Dinosaur vs. the Potty

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Dinosaur vs. the Potty by Bob Shea

Dinosaur does not need to use the potty.  He makes lemonade and wins!  No need to use the potty.  He splashes in the sprinkler and wins!  No need for the potty.  He drinks lots of juice and wins!  No potty for him.  He plays in the swimming pool and wins!  No potty.  He splashes in puddles and his victory dance becomes something else instead.  Now the question is whether Dinosaur can make it to the potty in time!

A delight to read aloud, this book takes child humor and brings it to potty training.  Leaving going to the potty until too late is a tale that every parent knows far too well.  Shea uses his competitive framework to great effect here with Dinosaur winning and roaring all the way to the potty.  Used in a group setting, preschoolers will enjoy participating in the roars and the cheers for Dinosaur.  Shea’s illustrations are wide-lined, bright-colored and raucous.  They match the text of the book perfectly, adding to the child appeal and the humor.

A great choice for potty training children, this will also be appreciated by children beyond that phase thanks to its appeal.  Appropriate for ages 2-4.

Reviewed from library copy.

Zen Ghosts

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Zen Ghosts by Jon J. Muth

The wonderful Stillwater the panda returns for a third time with another picture book filled with Zen.  In this book, Stillwater spends time with the children as they prepare to go trick-or-treating.  Then after they are finished, he brings them to a place where a panda tells them the story of Senjo.  In the story, Senjo is in love with her best friend from childhood.  But when her father gets ills, she is forced to marry a wealthy man.  Ochu, the man she loves, leaves the village because he cannot bear to see her marry someone else.  But as he is leaving, he sees Senjo on the bank and they run off together.  Years later, Senjo feels she must try to reunite with her father.  When they return to the village, Ochu speaks to her father and then discovers that Senjo has been ill in bed since the night Ochu left years ago.  The two Senjos meet and merge together into one.  So the question asked is which Senjo is the true one?  It is a marvelous Koan that is not meant to be solved.  Modern children may be frustrated by this type of story, but all the more reason for them to hear it.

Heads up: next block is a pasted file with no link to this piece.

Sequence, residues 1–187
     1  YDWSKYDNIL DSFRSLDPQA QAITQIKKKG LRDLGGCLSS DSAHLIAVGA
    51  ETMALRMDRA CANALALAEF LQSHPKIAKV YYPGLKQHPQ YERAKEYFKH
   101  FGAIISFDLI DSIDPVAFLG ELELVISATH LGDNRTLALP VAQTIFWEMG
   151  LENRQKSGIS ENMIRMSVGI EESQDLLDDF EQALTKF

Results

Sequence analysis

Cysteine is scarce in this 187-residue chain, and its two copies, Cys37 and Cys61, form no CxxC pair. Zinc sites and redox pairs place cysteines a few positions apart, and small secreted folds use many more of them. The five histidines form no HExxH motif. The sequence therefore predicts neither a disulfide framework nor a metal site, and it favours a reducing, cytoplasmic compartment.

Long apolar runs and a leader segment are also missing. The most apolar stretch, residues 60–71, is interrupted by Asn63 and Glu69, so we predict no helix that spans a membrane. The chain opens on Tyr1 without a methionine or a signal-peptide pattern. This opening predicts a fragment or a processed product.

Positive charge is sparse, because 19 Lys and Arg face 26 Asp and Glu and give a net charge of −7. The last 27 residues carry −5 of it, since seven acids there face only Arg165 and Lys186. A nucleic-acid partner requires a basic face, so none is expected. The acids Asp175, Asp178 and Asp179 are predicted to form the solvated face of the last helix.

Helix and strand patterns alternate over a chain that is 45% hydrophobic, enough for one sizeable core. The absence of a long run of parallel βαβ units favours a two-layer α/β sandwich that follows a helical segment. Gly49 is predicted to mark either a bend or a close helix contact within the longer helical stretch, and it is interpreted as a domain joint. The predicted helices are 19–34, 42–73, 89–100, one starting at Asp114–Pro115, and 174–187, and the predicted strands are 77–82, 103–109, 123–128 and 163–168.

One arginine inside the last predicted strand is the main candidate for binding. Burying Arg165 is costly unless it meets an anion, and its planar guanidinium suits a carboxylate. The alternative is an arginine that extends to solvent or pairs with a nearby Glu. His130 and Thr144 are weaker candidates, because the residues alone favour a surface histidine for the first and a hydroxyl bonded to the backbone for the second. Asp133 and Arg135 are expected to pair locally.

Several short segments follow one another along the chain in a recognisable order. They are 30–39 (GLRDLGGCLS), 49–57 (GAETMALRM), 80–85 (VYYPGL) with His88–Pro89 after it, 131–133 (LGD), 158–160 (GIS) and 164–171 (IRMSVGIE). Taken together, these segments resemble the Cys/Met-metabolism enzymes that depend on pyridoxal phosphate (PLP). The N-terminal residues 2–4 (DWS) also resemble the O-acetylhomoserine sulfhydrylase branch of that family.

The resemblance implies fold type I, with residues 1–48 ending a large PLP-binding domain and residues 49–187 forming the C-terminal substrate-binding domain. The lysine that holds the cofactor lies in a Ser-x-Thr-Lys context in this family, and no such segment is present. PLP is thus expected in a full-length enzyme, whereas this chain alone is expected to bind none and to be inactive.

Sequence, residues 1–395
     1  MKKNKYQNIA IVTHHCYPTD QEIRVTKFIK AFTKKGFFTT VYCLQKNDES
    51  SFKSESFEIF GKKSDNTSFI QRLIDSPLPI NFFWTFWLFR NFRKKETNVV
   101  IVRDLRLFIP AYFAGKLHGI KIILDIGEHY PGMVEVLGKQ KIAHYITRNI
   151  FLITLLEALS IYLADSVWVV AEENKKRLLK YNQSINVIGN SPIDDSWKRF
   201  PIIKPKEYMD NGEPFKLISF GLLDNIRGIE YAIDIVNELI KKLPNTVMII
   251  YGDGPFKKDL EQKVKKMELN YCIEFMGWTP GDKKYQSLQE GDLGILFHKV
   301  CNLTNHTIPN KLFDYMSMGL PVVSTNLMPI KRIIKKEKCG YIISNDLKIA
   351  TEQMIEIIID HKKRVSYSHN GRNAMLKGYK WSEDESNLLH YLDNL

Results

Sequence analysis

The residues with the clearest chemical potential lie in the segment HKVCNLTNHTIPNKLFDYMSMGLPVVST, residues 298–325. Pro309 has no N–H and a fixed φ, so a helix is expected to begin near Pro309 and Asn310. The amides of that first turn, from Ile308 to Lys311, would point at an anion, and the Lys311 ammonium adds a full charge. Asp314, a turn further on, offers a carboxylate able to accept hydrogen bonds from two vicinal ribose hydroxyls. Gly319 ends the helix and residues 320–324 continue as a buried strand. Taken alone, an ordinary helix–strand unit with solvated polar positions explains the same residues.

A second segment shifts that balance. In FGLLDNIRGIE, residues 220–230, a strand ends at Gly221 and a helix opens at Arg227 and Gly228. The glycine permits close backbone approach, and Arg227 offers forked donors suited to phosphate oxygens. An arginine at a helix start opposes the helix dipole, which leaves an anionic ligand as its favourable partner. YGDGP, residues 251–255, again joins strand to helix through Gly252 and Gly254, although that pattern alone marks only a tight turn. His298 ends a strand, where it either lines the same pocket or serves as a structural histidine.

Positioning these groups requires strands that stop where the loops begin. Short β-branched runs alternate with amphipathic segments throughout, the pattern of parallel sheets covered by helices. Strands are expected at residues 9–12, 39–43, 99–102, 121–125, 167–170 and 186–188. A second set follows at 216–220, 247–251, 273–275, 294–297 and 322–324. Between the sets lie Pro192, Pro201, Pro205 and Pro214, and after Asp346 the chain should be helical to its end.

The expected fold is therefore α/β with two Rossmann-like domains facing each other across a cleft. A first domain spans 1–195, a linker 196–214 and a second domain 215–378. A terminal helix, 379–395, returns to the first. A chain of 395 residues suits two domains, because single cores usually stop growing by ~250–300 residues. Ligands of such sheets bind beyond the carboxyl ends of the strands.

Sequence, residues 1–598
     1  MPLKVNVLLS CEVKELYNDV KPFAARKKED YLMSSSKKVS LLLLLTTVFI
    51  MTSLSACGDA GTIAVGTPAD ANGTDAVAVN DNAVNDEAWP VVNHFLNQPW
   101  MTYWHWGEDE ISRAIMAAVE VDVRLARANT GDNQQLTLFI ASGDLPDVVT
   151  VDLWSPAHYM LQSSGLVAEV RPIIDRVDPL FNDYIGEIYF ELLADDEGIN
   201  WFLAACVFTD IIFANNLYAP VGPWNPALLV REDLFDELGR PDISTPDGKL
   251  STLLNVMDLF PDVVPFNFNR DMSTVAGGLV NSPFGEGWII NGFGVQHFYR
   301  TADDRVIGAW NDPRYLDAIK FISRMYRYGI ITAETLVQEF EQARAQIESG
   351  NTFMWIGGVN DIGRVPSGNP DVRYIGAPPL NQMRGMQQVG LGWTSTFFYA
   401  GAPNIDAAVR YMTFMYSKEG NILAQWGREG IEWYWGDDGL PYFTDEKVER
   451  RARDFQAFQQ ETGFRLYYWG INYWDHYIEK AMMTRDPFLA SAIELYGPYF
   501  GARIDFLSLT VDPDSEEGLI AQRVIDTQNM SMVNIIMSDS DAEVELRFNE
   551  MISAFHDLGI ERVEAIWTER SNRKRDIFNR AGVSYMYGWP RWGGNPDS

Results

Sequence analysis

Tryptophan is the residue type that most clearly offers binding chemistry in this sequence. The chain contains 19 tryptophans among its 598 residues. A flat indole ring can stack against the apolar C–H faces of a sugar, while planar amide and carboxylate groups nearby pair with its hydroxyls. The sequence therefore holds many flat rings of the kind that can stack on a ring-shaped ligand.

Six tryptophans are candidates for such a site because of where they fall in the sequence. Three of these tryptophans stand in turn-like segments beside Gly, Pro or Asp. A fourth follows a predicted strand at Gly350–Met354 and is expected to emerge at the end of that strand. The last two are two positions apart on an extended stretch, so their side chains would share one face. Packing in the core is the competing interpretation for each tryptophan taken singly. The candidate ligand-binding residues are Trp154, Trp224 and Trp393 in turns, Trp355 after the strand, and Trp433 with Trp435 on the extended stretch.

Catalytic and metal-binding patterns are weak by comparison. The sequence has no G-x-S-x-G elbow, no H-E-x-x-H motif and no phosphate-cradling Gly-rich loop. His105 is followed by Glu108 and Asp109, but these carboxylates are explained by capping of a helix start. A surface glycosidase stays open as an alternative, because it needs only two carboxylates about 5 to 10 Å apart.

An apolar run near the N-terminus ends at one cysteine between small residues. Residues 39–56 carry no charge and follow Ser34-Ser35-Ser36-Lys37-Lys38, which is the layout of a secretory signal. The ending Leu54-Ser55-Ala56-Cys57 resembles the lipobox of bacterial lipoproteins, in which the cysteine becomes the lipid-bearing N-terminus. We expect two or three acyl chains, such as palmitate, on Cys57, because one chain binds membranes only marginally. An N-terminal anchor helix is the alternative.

Muth takes the setting of Halloween, combines it with a ghost story of sorts, and turns the holiday into something new.  The children in the story are always talking about their candy and their costumes.  Just as in the other Zen books by Muth, the children remain children completely.  They ponder new ideas and discover new ways of thinking, but they are children still.  Muth’s water colors are rich and autumnal here until the story within the story begins and the colors fade to whites and grays.  Muth offers several great double-page spreads that really capture autumn and Halloween.

This is a very different Halloween story, but one that really has a place in every library.  It is beautifully written, illustrated with elegance and offers a new perspective for readers.  What more could one want?  Appropriate for ages 5-9.

Reviewed from copy received from Scholastic.